Khuado is the biggest and one of the most popular cultural festivals of the Zo people who are scattered across India, Bangladesh and Myanmar. The celebration of this important Zo festival is considered to have begun as early as 1400 A.D. Derived from the Tedim dialect—khua meaning local and do meaning battle—Khuado is also being celebrated as Kut and Chavang Kut respectively in Manipur and Mizoram. It is also celebrated as an occasion to commemorate the arrival of the harvest and, in the meantime, marks the beginning of a new year.
Khuado signifies vanquish over the evil spirit. Usually held for two to three days at the house of the local priest or chief in the month of September/October depending on the arrival of harvest, it is consummated by the killing of two or three cattles (preferably pigs) with a generous distribution of zu (traditional wine). Old and youth, lad and lass would then join arm-in-arm and form a circular band to perform a traditional dance locally called lamvui kaihna. This is usually interspersed by a spectacular solo performance at its centre by a veteran with a brandish of the sword.
The event has symbolic significance for the Zo people in more ways than one. It is a time to showcase their solidarity and unity. Usually it was an occasion to witness the whole community fully armed in battle-gear with, inter alia, spears, hoes and brooms and brandishing of torches (made of pine). They would, in unison, march throughout the length and breadth of the locality with loud noises and war cries asking the local evil spirit to go away from their immediate lifeworld. At one end of the locality, the whole community would implant their torches to demarcate, as it were, the boundary last deserted by the evil spirits. The whole community army would then march back into their chief’s backyard and begin their celebration. It was also a time of sharing and giving thanks, an occasion to pay their homage and respect to the deceased by a visitation to the grave. In other words, a time to reconnect with their past and collectively face the future.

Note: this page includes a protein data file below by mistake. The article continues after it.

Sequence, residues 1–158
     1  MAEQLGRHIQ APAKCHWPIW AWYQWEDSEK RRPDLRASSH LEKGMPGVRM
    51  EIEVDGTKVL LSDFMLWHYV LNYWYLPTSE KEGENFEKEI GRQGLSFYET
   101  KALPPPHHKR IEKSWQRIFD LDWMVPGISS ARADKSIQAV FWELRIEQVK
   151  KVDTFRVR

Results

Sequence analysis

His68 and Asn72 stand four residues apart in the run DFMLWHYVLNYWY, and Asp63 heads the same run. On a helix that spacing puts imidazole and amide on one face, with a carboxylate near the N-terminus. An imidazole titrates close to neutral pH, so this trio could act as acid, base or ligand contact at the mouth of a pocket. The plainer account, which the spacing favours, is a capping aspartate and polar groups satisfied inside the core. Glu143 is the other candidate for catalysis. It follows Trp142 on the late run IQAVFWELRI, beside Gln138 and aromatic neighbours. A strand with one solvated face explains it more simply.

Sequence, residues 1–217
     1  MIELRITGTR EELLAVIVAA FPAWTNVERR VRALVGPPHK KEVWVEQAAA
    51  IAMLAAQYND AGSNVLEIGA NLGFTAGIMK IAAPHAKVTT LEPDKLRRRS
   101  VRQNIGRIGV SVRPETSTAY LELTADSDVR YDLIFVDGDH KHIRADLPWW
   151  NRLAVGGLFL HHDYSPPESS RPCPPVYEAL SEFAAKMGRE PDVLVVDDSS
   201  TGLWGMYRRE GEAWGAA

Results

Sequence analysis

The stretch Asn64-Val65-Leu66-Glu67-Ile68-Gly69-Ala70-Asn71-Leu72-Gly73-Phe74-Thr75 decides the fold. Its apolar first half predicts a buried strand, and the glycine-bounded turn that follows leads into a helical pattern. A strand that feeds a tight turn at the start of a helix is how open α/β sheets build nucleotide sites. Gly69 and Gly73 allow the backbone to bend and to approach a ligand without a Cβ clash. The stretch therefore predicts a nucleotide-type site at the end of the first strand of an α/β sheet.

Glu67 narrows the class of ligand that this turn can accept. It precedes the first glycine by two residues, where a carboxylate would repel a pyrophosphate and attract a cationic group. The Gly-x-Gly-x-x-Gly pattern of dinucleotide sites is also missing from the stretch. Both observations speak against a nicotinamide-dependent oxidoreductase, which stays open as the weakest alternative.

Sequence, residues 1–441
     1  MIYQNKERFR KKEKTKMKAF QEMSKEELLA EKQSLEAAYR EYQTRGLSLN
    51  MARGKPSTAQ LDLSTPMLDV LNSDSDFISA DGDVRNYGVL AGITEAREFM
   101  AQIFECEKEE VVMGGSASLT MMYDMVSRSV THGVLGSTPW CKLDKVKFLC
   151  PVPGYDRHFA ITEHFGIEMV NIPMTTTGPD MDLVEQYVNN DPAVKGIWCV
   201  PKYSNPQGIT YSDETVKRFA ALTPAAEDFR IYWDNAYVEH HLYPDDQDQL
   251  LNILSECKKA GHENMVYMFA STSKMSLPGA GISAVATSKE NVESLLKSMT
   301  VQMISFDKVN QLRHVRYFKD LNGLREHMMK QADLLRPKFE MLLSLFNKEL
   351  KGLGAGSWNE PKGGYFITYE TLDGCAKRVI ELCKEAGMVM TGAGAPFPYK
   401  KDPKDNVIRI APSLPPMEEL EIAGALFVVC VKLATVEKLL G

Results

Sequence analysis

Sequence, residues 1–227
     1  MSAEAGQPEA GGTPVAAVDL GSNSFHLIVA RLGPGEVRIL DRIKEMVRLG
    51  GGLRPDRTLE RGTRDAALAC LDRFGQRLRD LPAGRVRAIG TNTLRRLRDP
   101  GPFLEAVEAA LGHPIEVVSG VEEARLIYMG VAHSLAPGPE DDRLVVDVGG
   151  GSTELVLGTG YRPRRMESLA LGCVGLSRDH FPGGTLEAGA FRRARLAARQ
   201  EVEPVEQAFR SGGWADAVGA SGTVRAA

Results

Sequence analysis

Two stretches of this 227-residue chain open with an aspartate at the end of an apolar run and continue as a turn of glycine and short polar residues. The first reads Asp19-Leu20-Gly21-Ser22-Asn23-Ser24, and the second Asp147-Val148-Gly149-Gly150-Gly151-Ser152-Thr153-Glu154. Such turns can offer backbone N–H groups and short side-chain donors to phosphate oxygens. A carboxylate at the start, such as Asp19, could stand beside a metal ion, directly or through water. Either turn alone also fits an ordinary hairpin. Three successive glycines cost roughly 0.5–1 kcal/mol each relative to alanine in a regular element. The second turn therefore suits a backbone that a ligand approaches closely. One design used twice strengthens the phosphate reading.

Now, this tradition is kept alive year after year as the Zo people gather to commemorate Khuado as an occasion to give thanks and glory to the Almighty God who has given them a good harvest and a new year. It is an event of immense cultural significance which bespeaks of the unique heritage, culture and identity of the Zo people.
H Kham Khan Suan